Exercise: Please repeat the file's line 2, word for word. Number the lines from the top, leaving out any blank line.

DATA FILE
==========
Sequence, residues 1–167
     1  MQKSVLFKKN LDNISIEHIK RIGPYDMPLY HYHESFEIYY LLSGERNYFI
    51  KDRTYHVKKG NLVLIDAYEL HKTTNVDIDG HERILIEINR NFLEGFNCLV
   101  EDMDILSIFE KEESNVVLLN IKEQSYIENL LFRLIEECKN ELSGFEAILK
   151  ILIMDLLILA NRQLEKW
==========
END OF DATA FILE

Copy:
     1  MQKSVLFKKN LDNISIEHIK RIGPYDMPLY HYHESFEIYY LLSGERNYFI